Peter John Beyfus

War Cannot be Sanitised

War is cruelty. There’s no use trying to reform it. The crueller it is the sooner it will be over.”   W. T. Sherman

I regard myself as being a reasonable guy, trying very hard to understand the arguments on both sides of a  dispute; but there are occasions when the issues become so mired in illogicality and emotional hype that navigating to the crux of the problem becomes a Herculean task. This is the way the world’s media have presented and continue to showcase the Israel-Hamas War. There is much talk about a ceasefire; about the need for humanitarian aid to be delivered to Gaza; to avoid civilian casualties; to reconsider the two-state solution to the long-running Israeli-Palestinian conflict; but very little about the the primary issue: hostages. Clearly something is complicating the present scenario by ignoring what is self-evident: release all hostages held by Hamas and its affiliates = a ceasefire and potential peace negotiations. 

Netanyahu, not everyone’s favourite politician, recognises, what may others fail to do, that to concede to Hamas’ latest terms would be damaging to Israel’s future security. He is under immense pressure from families of hostages, and one has enormous sympathy for what they are going through, to accede to the demands of Hamas. Israel has always regarded its first priority the safety of its citizens and in the past has gone to great lengths to do all in its power to bring home those captured by enemy forces. The IDF soldier, Gilad Shalit, was released in October 2011. It was the first time an IDF soldier had been returned since 1985. The price: the release of 1000 Palestinian prisoners including Yahya Sinwar, the current leader of Hamas! But the present situation is different: the hostages are civilians, not combatants, and they are being used in a depraved way, orchestrated by Hamas, to bring about division among Israelis and capitalising on global anti-Israel sentiments. It has been said on many occasions Israel may win a military victory in either destroying Hamas or so degrading it that it cannot wage war in the future, but it has lost the fight to establish the justice of its military campaign against a self-proclaimed genocidal organisation. With the January ICJ interim judgement, already grossly misrepresented by Israel’s enemies as having “proven” South Africa’s accusation of Israel’s genocide against Palestinians, it is becoming increasingly difficult for a beleaguered state to counter the swell of popular indignation, largely expressed by demonstrations and posts on social media.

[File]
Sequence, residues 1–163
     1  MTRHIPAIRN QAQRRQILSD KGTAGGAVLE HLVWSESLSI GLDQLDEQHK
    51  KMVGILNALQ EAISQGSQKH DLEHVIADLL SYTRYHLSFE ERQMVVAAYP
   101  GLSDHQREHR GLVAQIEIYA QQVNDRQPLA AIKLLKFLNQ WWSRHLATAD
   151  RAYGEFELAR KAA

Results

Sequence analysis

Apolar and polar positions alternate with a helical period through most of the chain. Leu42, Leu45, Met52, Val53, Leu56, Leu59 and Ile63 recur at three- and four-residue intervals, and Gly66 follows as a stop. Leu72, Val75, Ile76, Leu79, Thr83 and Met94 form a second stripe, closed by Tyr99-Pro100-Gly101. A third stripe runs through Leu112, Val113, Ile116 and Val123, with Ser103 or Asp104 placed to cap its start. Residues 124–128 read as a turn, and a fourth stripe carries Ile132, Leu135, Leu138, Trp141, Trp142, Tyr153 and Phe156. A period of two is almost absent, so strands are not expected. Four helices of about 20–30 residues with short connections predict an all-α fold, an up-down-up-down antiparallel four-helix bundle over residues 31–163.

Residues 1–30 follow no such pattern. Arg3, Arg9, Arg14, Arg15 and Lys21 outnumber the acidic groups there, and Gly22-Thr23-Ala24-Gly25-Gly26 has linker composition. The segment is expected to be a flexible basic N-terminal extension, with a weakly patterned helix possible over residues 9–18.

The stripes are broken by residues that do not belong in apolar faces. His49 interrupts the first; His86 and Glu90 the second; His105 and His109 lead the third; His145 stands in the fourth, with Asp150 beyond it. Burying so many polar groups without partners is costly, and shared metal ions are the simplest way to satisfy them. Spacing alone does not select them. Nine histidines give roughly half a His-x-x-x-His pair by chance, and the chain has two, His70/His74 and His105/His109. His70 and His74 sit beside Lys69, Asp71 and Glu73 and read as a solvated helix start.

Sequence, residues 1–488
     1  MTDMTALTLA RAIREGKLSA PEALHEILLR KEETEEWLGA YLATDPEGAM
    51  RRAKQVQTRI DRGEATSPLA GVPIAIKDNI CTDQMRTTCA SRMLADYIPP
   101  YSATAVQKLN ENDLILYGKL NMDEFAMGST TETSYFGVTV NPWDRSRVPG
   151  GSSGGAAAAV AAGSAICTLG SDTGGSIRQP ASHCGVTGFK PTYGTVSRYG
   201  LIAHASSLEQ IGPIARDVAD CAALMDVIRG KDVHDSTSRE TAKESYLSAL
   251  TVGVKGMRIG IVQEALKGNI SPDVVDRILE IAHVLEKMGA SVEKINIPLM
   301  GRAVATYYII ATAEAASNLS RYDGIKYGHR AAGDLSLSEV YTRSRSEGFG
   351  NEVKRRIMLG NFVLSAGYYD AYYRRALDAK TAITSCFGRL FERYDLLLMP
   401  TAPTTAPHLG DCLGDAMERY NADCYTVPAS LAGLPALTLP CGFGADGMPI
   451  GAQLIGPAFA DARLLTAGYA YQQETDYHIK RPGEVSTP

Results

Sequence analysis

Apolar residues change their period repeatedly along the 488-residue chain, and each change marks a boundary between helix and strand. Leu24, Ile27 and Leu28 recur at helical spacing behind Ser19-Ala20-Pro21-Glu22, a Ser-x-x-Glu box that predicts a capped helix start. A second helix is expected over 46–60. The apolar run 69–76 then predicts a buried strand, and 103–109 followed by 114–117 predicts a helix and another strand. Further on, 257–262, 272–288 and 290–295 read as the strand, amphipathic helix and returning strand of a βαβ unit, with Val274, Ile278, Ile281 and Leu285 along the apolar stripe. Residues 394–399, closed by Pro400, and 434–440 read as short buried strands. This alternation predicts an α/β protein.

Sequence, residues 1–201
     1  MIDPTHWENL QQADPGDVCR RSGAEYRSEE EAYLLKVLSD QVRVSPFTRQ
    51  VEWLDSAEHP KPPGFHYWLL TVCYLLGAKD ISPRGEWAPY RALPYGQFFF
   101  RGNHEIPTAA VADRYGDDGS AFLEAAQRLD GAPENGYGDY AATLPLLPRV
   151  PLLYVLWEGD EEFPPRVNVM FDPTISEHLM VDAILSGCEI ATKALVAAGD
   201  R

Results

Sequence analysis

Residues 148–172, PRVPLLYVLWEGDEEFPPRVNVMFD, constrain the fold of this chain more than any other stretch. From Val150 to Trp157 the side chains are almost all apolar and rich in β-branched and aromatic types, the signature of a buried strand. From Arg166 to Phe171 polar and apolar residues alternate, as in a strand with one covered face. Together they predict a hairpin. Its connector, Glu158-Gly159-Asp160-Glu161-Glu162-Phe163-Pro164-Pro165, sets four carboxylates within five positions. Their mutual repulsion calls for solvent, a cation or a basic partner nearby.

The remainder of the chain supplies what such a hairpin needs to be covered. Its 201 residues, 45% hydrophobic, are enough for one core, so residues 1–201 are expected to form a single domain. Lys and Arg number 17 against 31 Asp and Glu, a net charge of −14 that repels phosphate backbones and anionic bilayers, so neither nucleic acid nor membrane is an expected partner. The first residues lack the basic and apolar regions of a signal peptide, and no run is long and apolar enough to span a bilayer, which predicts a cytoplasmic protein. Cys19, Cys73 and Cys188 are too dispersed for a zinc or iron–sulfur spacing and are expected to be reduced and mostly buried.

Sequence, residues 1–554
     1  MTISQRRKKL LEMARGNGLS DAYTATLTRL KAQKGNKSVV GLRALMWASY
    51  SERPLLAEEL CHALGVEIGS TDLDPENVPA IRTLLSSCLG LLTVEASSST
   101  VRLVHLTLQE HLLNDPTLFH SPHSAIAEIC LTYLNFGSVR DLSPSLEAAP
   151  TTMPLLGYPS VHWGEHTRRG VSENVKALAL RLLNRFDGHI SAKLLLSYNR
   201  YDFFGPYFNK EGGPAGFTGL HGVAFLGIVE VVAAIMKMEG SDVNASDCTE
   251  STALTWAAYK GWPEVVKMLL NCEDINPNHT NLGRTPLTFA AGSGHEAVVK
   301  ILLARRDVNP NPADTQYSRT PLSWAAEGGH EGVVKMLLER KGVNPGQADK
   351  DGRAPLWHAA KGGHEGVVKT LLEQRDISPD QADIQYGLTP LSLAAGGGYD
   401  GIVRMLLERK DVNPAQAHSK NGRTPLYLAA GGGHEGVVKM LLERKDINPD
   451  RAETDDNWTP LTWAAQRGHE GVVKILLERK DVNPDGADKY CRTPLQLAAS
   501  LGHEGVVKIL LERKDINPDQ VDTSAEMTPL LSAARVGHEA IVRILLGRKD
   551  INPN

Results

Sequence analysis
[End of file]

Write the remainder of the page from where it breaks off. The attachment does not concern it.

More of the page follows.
The focus of the conflict shifted very quickly from the massacre of 7 October and the abduction of hostages to the plight of the Palestinians, so within four months those being held by a variety of Islamist terrorist groups have been largely forgotten by the world, their existence being kept alive by the families of those kidnapped and many Israelis and  diaspora Jewry, along with those who have unwaveringly condemned the actions of Hamas. Yet the hostages should be the main concern of the world community, with a constant barrage of demands from all countries that regard hostages-taking as an evil; the UN, in particular, should apply maximum pressure on Hamas and other Islamist groups to release those held against their will, but, for some perverse reason, this is not the case; the only possible explanation being a deep-rooted hostility toward Israel, fuelled by many governments that fall well short of being liberal democracies. The demand for a ceasefire without any preconditions appears to be all the international community has to offer, thereby allowing Hamas to rearm and to continue to hold hostages as bargaining counters.